I’m afraid that if I googled “lock up” these days, I’d get stories about Donald Trump and Hillary Clinton. The world obviously needs to grind again, and the real Lock Up is here to help us do that.
(Andy Synn reviews the new album by Sahg from Bergen, Norway.)
I have something to confess. Something that’s probably going to cut deep into my well established metal cred (ha!). You see, I don’t really like Black Sabbath.
There, I said it. Let the shaming begin.
It’s not that I actually dislike them. Far from it. As a matter of fact I enjoy them whenever I hear them (particularly the Dio era), and fully respect the band’s timeless legacy (more on that in a moment).
But they’re just not the sort of band whose albums I’d ever spin for my own enjoyment.
However, in the same way that although I’m not really much of a Slayer fan (there goes the last of my credibility), yet still absolutely love many bands who count them as a major influence, there’s a number of artists in my collection who cite Sabbath as their prime reason for being, and who can trace the roots of their sound right back to the Brummie masters (of reality).
And one of those bands is Norwegian doom-groove quartet Sahg.
I hope you’re having a good Saturday, and that this post will make it even better.
I know we’ve been throwing vast quantities of music your way lately as we try to clear the decks for the coming orgy of year-end-list features, but I still have a lot of metal that I feel the need to recommend. I’ll continue trying to keep abreast of advance tracks from forthcoming albums that sound promising, but what’s really burning a hole in my head are excellent full EPs, splits, and albums that have already been released but that we’ve neglected. The best way I know to deal with that problem is to compile posts like this one, abbreviating my own reviews and letting the music speak mainly for itself.
THE LOOM OF TIME
NihilReich is the eye-opening debut album of an Australian trio named The Loom of Time. It was released in March, though I didn’t listen to it until last month despite the significant praise it received from numerous reviewers.
(TheMadIsraeli reviews the debut album by the band Oni.)
Some of you old-timers might remember that I was super-hyped on Black Crown Initiate. I enthusiastically reviewed their debut EP and while I didn’t review their first album, I absolutely loved it. 2016 rolled around, and Selves We Cannot Forgive rolled around and it was… not the BCI I was hyped on. The album was a complete disappointment in fact, and I was extremely, extremely dismayed that the band had already seemingly fallen off the horse. We’ll see what the future holds, but as to what made me lose faith in the band, it was their conversion to a rather directionless, meandering style of songwriting combined with riffs that were barely riffs.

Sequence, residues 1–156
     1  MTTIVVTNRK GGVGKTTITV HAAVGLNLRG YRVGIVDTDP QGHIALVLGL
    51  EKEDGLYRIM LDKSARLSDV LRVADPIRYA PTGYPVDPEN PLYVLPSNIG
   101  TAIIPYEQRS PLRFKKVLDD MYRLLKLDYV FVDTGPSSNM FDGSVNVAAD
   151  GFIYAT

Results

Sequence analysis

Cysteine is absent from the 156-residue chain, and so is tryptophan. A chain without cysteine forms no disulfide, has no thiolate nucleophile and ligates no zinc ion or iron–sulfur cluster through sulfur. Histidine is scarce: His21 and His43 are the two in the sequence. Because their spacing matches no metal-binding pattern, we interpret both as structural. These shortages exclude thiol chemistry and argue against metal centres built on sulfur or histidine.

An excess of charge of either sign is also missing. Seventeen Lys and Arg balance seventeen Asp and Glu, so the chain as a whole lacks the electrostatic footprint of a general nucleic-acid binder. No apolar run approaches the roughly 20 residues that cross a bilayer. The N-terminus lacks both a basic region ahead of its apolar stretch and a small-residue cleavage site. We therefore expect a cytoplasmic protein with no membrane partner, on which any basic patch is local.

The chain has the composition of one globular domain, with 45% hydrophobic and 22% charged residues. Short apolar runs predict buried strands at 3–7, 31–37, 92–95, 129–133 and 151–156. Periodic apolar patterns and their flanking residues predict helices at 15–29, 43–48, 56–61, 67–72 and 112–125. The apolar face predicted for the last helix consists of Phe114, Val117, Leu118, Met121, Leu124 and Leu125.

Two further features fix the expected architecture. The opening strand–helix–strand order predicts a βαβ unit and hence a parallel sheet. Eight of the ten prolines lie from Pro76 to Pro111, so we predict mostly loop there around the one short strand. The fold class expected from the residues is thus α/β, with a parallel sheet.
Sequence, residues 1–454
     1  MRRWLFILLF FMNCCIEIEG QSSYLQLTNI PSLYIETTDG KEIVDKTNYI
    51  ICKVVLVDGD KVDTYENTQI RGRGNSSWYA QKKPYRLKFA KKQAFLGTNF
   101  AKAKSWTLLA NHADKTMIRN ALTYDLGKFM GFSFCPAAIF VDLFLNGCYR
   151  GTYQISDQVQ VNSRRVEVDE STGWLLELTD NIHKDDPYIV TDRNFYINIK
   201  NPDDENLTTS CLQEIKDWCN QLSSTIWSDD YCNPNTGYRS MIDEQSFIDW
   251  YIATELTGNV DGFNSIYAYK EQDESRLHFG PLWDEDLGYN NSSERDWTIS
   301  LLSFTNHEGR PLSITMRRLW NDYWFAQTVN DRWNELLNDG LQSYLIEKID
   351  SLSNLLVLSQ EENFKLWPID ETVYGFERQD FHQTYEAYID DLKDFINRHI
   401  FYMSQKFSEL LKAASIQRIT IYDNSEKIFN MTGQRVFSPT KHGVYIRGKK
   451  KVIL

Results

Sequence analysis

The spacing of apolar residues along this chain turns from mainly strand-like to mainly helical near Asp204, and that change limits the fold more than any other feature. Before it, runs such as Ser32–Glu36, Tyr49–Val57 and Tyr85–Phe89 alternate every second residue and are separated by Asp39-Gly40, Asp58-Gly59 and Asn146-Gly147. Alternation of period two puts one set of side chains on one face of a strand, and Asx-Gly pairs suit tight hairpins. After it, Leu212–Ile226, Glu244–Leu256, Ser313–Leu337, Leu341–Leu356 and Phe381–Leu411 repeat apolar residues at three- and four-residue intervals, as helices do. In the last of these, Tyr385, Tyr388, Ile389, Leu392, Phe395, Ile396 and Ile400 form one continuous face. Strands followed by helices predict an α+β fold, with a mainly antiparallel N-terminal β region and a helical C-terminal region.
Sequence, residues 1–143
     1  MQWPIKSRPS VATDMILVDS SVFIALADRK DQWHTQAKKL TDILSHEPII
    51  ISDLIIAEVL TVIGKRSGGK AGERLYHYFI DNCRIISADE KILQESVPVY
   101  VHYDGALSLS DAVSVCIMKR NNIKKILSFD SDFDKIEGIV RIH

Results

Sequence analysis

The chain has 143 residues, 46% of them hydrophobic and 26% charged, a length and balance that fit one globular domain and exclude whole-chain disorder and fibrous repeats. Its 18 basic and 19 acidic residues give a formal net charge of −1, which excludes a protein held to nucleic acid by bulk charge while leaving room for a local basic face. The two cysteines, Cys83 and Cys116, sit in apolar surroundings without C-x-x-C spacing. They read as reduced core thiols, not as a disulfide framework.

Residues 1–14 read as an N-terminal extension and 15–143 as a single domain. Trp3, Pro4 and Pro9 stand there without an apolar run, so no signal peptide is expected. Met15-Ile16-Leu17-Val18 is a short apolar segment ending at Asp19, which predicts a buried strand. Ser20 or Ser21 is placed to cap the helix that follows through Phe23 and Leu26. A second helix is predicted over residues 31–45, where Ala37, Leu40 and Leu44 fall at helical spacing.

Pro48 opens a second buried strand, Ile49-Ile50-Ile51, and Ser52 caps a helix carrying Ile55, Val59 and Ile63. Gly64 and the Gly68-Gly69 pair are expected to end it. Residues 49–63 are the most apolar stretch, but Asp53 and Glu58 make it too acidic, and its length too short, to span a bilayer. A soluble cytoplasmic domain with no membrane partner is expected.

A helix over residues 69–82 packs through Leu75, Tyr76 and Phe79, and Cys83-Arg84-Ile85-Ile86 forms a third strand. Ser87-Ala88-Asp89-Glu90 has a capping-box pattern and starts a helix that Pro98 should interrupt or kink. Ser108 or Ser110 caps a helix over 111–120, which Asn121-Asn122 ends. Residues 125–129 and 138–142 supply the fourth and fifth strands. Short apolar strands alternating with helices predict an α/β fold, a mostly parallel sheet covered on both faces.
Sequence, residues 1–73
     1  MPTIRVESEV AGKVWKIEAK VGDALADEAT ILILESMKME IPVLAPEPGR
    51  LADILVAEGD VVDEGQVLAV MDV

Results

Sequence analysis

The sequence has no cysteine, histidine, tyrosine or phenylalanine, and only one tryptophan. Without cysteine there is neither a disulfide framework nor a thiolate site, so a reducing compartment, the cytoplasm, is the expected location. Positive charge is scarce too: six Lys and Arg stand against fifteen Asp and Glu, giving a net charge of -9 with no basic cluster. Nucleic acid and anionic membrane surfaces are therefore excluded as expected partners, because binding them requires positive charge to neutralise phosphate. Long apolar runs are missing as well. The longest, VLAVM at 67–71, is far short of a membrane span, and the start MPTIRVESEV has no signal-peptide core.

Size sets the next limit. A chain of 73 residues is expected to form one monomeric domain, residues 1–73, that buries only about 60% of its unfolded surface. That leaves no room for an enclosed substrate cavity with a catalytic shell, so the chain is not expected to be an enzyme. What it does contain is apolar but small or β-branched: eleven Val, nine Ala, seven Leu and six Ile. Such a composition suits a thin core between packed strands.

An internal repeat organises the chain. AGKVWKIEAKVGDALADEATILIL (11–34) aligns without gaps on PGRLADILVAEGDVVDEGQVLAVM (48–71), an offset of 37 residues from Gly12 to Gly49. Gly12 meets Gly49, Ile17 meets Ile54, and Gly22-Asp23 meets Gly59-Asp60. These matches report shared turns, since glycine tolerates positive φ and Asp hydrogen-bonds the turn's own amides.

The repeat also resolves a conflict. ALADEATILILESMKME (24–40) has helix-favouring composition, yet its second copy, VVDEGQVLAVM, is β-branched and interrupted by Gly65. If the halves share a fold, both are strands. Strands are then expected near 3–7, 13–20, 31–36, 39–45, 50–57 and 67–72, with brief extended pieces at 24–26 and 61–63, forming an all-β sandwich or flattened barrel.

Oni are poised, already, to kick Black Crown Initiate off their own throne where they once brandished a distinctive brand of technical, groovy, yet poppy and melodic progressive death metal. The two bands share many similarities, but with Oni taking it a step further and adding even more influences and elements. I don’t think you can say Oni sound like BCI, but to my ears they have definitely taken the BCI formula and brought it to the next level, whether doing so consciously or not.
When you confront a truly daunting task, sometimes the result is paralysis; the magnitude of the effort discourages effort. Experience teaches that sometimes the only way to overcome that paralysis is simply to make a start, no matter how small the step may seem. Usually easier said than done, but that’s what I’m doing today.
I’m sitting on a ton of recent music and videos I want to write about in the time I have left before our year-end LISTMANIA extravaganza inevitably begins monopolizing my time. I haven’t figured out how I will get everything out and before you that I think you should check out. But this is a start, selected in fairly random fashion, but with an effort to cover a range of styles.
Early last month we enthusiastically premiered a stream of the new album by the French black metal band Sordide. Entitled Fuir la lumière, it is now available through Avantgarde Music and from the band. And as a further reminder about how good Sordide’s music, they’ve now released a live performance video. It was recorded on October 23 at White Noise Studio.
(Our long-time supporter and occasional contributor Booker returns to NCS with this review of the new album by Norway’s Wardruna.)
Wardruna are an exception to the rule here. On the one hand, because of the singing, which is not only “clean”, but is often chanted, whispered, or spoken-word, as well as being in a language few of us would understand. And the foreign-ness of it means that the significance of the vocals – the message, or meaning — is simply the rhythm and emotion the vocals produce, rather than the what the words signify – arguably, in that respect, perhaps not too far off a lot of the metal we listen to.
But they’re an exception, too, as you won’t find any distorted guitars here, nor any traditional drum kits, blast beats, breakdowns, or sounds belonging to the mosh pit. But what’s on offer will hopefully move and entice you all the same.